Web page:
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  1. #1
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    Firefox won't let me close a window with Javascript

    Perhaps this browser is forcing me to write proper code?

    I usually do

    a href=javascript:window.close()

    But Firefox does nothing. I looked in the Firefox Javascript Console and found the reason:

    "Scripts may not close windows that were not opened by script."

    How can I get around this? (In IE I usually get a confirmation alert, but it allows me to proceed). I have a 5 page series of forms where the user goes through the forms but hitting "submit" at the end of every page, and all the data is stored using session variables.

    thanks

  2. #2
    I am obstructing justice. bronze trophy fatnewt's Avatar
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    Never put JavaScript in the href attribute of a link. It makes for bad usability/accessibility.

    If the window isn't opened by JavaScript, it seems that Firefox won't let JavaScript close it. Good for them!

    Chances are that most Firefox users are capable of using the little "X" to close their own windows.
    Colin Temple [twitter: @cailean]
    Web Analyst at Napkyn


  3. #3
    He's No Good To Me Dead silver trophybronze trophy stymiee's Avatar
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    Quote Originally Posted by fatnewt
    If the window isn't opened by JavaScript, it seems that Firefox won't let JavaScript close it. Good for them!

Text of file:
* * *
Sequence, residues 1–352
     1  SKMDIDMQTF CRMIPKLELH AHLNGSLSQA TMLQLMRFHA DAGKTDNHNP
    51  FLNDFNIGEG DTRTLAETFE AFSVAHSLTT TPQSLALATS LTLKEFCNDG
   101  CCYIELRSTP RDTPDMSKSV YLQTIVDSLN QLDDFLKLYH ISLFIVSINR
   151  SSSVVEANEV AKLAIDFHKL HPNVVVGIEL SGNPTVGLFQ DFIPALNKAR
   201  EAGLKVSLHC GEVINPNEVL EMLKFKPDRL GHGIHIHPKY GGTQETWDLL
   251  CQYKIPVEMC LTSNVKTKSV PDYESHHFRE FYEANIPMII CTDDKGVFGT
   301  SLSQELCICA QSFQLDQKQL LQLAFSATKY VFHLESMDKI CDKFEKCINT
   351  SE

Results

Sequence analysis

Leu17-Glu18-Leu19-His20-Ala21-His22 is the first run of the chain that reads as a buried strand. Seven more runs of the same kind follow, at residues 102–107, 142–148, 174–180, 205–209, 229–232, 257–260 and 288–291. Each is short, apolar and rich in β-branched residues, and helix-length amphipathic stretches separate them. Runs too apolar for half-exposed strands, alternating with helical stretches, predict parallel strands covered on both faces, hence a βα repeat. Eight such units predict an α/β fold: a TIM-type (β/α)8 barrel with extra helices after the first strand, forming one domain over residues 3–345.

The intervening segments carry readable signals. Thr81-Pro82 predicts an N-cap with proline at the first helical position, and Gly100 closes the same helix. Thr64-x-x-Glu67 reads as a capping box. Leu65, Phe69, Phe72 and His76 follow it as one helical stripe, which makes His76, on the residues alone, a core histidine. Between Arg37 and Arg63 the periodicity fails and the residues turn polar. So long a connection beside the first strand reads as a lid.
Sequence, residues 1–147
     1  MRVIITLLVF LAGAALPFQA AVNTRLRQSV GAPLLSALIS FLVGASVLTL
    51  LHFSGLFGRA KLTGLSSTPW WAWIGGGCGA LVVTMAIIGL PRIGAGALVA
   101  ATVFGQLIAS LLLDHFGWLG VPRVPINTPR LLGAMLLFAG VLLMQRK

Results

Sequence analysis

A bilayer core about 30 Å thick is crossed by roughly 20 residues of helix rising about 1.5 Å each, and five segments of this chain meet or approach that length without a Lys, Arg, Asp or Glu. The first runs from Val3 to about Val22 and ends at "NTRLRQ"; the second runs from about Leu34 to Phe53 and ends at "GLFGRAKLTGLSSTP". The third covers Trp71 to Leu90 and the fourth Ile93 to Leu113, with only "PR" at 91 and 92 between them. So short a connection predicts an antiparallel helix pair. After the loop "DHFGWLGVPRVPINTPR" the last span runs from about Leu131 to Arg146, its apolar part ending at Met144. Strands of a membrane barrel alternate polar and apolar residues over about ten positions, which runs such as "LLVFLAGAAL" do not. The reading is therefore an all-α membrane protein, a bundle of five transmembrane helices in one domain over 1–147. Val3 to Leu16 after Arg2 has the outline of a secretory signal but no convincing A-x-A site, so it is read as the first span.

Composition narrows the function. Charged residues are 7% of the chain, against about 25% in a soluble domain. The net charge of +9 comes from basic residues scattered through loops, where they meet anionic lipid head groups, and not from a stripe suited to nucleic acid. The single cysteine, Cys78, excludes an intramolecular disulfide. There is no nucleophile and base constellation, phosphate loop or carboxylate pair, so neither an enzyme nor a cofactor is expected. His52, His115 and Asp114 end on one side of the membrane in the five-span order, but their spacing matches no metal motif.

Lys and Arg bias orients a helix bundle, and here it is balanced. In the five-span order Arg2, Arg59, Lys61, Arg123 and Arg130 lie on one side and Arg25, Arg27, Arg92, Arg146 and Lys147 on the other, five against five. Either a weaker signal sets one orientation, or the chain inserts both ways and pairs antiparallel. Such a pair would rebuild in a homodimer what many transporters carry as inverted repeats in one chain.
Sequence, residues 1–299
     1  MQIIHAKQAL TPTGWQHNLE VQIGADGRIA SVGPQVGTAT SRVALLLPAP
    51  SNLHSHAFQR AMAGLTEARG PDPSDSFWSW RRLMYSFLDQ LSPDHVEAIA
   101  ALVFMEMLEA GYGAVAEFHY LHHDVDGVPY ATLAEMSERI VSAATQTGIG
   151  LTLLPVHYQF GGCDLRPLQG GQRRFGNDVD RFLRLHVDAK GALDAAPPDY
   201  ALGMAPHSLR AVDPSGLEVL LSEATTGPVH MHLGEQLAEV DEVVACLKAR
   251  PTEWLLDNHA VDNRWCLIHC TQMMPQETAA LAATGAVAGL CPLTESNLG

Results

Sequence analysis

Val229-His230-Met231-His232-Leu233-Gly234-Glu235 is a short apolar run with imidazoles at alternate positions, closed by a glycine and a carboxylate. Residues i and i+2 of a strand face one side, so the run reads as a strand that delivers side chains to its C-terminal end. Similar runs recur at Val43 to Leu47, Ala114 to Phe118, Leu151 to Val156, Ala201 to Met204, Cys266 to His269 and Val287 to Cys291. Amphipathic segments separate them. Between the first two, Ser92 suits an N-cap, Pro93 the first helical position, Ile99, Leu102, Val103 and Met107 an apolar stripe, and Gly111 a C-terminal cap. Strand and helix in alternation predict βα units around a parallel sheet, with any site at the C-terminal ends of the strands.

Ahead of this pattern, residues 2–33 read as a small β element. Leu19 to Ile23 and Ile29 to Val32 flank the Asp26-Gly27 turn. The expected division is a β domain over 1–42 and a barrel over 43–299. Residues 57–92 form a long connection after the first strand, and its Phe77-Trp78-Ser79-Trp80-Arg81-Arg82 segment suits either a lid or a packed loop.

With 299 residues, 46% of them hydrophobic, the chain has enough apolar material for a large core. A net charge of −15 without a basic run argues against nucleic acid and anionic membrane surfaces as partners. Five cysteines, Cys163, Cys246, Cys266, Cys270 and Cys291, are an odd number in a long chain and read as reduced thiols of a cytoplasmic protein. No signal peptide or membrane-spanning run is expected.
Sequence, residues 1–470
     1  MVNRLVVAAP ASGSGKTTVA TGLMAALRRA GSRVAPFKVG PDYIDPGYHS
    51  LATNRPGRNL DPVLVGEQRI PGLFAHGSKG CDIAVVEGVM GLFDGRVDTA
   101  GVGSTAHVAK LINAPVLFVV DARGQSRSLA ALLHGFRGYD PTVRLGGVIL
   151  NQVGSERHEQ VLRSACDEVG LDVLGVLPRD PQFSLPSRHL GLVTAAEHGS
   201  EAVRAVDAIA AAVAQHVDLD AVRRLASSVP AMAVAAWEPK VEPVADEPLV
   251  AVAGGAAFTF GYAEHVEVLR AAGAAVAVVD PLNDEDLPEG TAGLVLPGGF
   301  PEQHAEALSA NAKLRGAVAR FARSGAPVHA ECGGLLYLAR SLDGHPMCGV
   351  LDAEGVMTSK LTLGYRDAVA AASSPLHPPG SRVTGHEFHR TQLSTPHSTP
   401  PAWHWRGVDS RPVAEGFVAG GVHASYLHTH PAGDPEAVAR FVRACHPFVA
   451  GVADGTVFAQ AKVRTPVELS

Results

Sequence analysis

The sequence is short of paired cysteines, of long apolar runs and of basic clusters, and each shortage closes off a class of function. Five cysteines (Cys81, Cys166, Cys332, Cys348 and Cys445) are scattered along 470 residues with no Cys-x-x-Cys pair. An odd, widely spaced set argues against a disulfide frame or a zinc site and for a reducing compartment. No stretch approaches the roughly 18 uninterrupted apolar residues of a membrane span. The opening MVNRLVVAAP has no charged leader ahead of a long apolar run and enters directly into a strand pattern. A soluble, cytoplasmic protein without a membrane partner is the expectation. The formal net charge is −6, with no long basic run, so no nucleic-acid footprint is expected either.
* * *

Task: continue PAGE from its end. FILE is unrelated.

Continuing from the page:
IE does this, too. Encountered it just last week.

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    I didn't know FF had that feature, but I consider it exactly that: a feature. You shouldn't be allowed to close windows that you didn't open.

    Have you tried having your javascript open the first page of your form in a new window? Then it seems like you should be able to use javascript to close it when the user is done.

    Or you could just display a "thank you you're done page" in which you clear all the session variables.

    Frankly, I have to say, I hope you don't find a way to close windows that you didn't open.

  5. #5
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    Quote Originally Posted by fatnewt
    Never put JavaScript in the href attribute of a link. It makes for bad usability/accessibility.
    Fatnewt, I've always used a standard href link, plus the javascript, when I need to use javascript in a link tag. As in, <a href="page.htm" onclick="myjavascript; return false;">. Then when the user has javascript turned off, or it's unavailable for any reason, the link itself still works. It also lets people open the link in a new window or a new tab, or copy the link, or whatever.

    I've also always believed that this method addressed the issue of usability and accessibility. Am I wrong? Or are you just referring to using javascript and nothing but javascript as being an accessibility/usability problem in links?

  6. #6
    I am obstructing justice. bronze trophy fatnewt's Avatar
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    And that's the way you should do it sonjay. If you want to provide additional functionality with client-side languages like JavaScript, ensure that the page degrades gracefully in user agents that don't support the language.

    I was specifically referring to JavaScript being in the href property of a link. If you want to add more to onclick (etc) attributes, or externally, that's fine as long as the link is still usable when JavaScript is disabled.
    Colin Temple [twitter: @cailean]
    Web Analyst at Napkyn


  7. #7
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    Quote Originally Posted by fatnewt
    I was specifically referring to JavaScript being in the href property of a link.
    Yep, I see now that you did specifically say JavaScript in the href attribute. I missed that and thought you were saying to not ever use JavaScript in a link. And I thought my way was accessible. So I thought that one of us must be mistaken.